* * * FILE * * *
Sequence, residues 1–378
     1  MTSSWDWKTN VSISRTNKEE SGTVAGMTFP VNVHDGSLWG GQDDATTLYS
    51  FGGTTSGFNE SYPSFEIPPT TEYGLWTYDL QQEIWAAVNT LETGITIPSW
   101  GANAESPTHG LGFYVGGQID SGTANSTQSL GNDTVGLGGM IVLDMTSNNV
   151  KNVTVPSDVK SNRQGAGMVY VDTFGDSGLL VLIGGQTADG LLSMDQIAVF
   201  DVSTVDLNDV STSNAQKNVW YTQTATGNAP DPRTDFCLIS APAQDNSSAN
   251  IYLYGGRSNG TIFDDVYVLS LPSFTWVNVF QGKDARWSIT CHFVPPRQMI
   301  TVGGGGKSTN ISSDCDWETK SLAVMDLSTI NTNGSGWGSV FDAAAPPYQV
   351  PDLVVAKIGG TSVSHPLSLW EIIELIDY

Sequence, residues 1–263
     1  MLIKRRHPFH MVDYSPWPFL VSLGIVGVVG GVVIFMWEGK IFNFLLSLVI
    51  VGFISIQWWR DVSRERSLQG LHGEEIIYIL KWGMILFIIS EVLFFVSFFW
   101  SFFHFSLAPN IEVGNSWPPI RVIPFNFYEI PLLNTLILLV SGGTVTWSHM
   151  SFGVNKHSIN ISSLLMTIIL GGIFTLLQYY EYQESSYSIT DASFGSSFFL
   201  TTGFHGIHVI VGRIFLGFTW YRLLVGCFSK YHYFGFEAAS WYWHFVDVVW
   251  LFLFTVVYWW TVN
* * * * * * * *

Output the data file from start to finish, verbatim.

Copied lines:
Sequence, residues 1–378
     1  MTSSWDWKTN VSISRTNKEE SGTVAGMTFP VNVHDGSLWG GQDDATTLYS
    51  FGGTTSGFNE SYPSFEIPPT TEYGLWTYDL QQEIWAAVNT LETGITIPSW
   101  GANAESPTHG LGFYVGGQID SGTANSTQSL GNDTVGLGGM IVLDMTSNNV
   151  KNVTVPSDVK SNRQGAGMVY VDTFGDSGLL VLIGGQTADG LLSMDQIAVF
   201  DVSTVDLNDV STSNAQKNVW YTQTATGNAP DPRTDFCLIS APAQDNSSAN
   251  IYLYGGRSNG TIFDDVYVLS LPSFTWVNVF QGKDARWSIT CHFVPPRQMI
   301  TVGGGGKSTN ISSDCDWETK SLAVMDLSTI NTNGSGWGSV FDAAAPPYQV
   351  PDLVVAKIGG TSVSHPLSLW EIIELIDY

Sequence, residues 1–263
     1  MLIKRRHPFH MVDYSPWPFL VSLGIVGVVG GVVIFMWEGK IFNFLLSLVI
    51  VGFISIQWWR DVSRERSLQG LHGEEIIYIL KWGMILFIIS EVLFFVSFFW
   101  SFFHFSLAPN IEVGNSWPPI RVIPFNFYEI PLLNTLILLV SGGTVTWSHM
   151  SFGVNKHSIN ISSLLMTIIL GGIFTLLQYY EYQESSYSIT DASFGSSFFL
   201  TTGFHGIHVI VGRIFLGFTW YRLLVGCFSK YHYFGFEAAS WYWHFVDVVW
   251  LFLFTVVYWW TVN